Arthritis and Nutrition: Good Foods for Good Joints
June 16, 2005
By: Laurie Edwards for Shoulder1
For people who suffer from arthritis, the old adage “you are what you eat” takes on a new meaning. It seems like we hear conflicting news about what we should and shouldn’t eat at every turn, but experts have pinpointed specific foods and supplements that can actually decrease the pain and inflammation caused by arthritis when combined with regular exercise. And does slicing, chopping, and opening bottles seem daunting? There are simple, effective ways of preparing these foods that are easy on the stiffest of joints.
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1. President Bush has declared the decade of 2002-2011 National Bone and Joint Decade, so expect even more research into treatments of arthritis and other joint disorders.
2. Virtually everyone will experience some degree of osteoarthritis by age 70; with people living longer than ever before, that’s a lot of stiff knees and hips! Introducing joint-friendly foods and activities is an important counter-defense to this statistic.
3. Women are three times more likely to experience Rheumatoid arthritis than men and face a hugely increased risk of osteoporosis. So for women, incorporating low-fat, calcium-rich foods into their diets is certainly a good idea.
4. There are a lot of “remedies” such as bovine cartilage, gin-soaked raisins and low-acid diets that have no basis in human studies, so before you make any radical changes in your diet, consult your physician.
An appointment with your healthcare provider is the best way to determine a course of treatment for your arthritis. Do you need a doctor?
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Rheumatoid arthritis (RA) and osteoarthritis affect millions of Americans each day, so it is no surprise that in an age of hyper-vigilant attitudes towards nutrition and health, the link between food and disease is such a significant one.
In RA, the autoimmune system reacts to a stimulus – such as an infection, virus or genetic predisposition – by attacking the tissues surrounding joints and eroding them, causing pain, inflammation and stiffness. People with osteoarthritis experience similar pain and inflammation found with RA, but from a different cause; in most cases, osteoarthritis is the result of an injury to a joint or repeated stress to joints that over time, erodes the cartilage, making it extremely common among the elderly.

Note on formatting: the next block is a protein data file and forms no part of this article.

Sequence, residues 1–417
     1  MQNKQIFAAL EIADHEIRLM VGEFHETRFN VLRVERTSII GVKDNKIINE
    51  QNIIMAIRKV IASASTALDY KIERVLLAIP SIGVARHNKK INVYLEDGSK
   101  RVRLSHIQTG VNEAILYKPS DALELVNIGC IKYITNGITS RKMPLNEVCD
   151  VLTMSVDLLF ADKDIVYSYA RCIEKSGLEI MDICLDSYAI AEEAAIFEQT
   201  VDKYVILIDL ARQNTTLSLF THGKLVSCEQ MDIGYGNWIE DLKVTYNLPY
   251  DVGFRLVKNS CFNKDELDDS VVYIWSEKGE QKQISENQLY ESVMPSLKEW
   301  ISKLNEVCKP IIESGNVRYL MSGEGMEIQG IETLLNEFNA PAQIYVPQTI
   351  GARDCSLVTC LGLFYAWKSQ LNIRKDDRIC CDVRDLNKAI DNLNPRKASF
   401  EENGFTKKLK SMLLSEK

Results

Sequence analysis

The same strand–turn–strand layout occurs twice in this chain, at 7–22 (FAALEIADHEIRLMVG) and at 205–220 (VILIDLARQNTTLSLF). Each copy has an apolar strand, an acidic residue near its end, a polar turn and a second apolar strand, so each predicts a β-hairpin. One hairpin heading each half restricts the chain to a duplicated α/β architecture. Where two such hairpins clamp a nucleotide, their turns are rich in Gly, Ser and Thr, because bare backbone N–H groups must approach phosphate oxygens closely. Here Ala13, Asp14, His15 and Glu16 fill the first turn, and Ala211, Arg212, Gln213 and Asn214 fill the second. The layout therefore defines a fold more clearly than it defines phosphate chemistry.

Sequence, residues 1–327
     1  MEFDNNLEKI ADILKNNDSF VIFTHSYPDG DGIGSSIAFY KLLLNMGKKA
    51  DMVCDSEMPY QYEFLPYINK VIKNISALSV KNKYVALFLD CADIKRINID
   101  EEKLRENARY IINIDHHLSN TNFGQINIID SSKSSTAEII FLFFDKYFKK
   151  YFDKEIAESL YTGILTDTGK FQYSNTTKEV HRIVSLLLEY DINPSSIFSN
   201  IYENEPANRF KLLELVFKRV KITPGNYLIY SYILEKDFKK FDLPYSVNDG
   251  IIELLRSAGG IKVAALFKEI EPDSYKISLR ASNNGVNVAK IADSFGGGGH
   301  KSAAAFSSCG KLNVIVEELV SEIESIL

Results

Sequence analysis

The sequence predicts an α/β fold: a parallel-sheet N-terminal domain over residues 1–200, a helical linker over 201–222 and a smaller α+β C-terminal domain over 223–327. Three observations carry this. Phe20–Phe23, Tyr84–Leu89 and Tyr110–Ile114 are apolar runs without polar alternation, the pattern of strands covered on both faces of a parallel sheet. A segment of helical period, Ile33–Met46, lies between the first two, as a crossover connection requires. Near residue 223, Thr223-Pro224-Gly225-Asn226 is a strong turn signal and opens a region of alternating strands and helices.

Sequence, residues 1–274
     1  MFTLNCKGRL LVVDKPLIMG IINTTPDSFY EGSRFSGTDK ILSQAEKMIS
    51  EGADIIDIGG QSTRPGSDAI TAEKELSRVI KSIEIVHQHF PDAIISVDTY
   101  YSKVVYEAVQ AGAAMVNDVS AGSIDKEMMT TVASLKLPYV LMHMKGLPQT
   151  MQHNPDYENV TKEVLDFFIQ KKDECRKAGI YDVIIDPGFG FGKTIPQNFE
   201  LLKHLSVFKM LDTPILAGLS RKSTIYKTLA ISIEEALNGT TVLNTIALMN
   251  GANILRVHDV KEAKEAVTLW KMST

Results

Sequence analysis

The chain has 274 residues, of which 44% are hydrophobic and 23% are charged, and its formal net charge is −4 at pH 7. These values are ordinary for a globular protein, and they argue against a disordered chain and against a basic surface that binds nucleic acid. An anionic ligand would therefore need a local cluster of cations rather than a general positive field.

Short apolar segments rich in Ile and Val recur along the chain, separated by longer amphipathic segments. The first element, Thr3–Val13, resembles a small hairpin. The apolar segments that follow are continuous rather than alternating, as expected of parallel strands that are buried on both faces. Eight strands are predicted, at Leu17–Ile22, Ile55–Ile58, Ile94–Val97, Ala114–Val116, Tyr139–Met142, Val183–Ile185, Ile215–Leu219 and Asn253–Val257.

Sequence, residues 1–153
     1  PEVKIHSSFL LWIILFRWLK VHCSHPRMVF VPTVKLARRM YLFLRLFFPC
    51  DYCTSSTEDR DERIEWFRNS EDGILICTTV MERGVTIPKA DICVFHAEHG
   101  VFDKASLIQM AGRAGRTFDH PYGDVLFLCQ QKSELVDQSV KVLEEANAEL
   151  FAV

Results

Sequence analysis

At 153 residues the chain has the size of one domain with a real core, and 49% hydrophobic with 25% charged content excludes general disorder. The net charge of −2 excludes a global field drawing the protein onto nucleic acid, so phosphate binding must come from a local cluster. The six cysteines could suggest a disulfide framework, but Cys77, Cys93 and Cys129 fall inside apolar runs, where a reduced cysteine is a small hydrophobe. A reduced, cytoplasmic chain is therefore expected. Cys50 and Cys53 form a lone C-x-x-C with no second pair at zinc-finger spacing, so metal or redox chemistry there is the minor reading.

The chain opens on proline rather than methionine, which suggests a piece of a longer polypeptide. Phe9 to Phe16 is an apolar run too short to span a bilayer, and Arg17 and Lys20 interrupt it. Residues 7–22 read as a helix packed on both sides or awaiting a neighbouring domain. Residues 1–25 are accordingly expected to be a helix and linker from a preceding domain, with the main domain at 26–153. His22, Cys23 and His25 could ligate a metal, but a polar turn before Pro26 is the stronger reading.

The treatment for arthritis usually focuses on medications that reduce inflammation, which decreases pain and increases mobility. This is where nutrition comes in: Adding and subtracting certain foods can result in similar anti-inflammatory benefits.
The most important item to include in joint-friendly diet is protein, a building block of muscle and tissue repair. “When you don’t eat enough protein, you don’t just lose fat, you lose lean body mass and muscle that your body burns off for energy, then tissue repair,” said Susan Underwood, RN, RD, manager of Nutrition services for the Visiting Nurse-Choice of New York.
If the thought of slicing thick chicken breast or meat makes your hands ache, softer foods including eggs, salmon, tuna and cottage cheese are high in protein and come in low-fat varieties. New pouch-packaging can even eliminate the need to open cans or lids.
Like cottage cheese, low-fat yogurt is also a great source of calcium, which helps minimize the effects of bone loss. Using yogurt, frozen fruit and soy powder to make smoothies is another effective way to include protein in your everyday diet. Monitoring caloric needs is especially important for people with severe limitations on mobility, so making sure those calories really work for your body is essential.
Worried about fats in your diet? Not every fat is a bad fat. In fact, studies have found that omega-3 fatty acids actually reduce inflammation. Unlike chicken and meat, which contain the omega-6 fatty acids known to cause inflammation, foods such as salmon, mackerel, trout and oils like olive and flaxseed decrease the level of inflammation in joints. In addition, fish oil is a known pain-reliever for people with RA.
There are many compounds and supplements that have advantageous effects as well. Diets that are high in boron, a compound found in fresh vegetables and fruits, show a decreased rate of arthritis, so stocking up on fresh produce is helpful. A compound from the avocado and soybean oils – ASU – relieves pain, helps the body repair damaged cartilage, and can even reduce the need for some anti-inflammatory medications.
Other supplements that have been in the news a lot lately – glucosamine and chondriton – help the body repair damaged tissue, slow down joint degeneration and improve joint function and mobility.
Experts worry, though, that with so much conflicting reports on food patients will start eliminating entire food groups or adding too many supplements. Just as it is for people without arthritis, maintaining a balance in the foods you choose is important, and while exercise is important for overall health, for people with stiff joints and decreased mobility, it can really help offset the consequences of this condition.
“The best advice is to eat a healthy, well balanced diet and stay close to your ideal body weight so affected joints have less extra weight to carry around,” said Dr. Christine Gerbstadt, a Pittsburgh-based rheumatologist and dietician.
Last updated: 16-Jun-05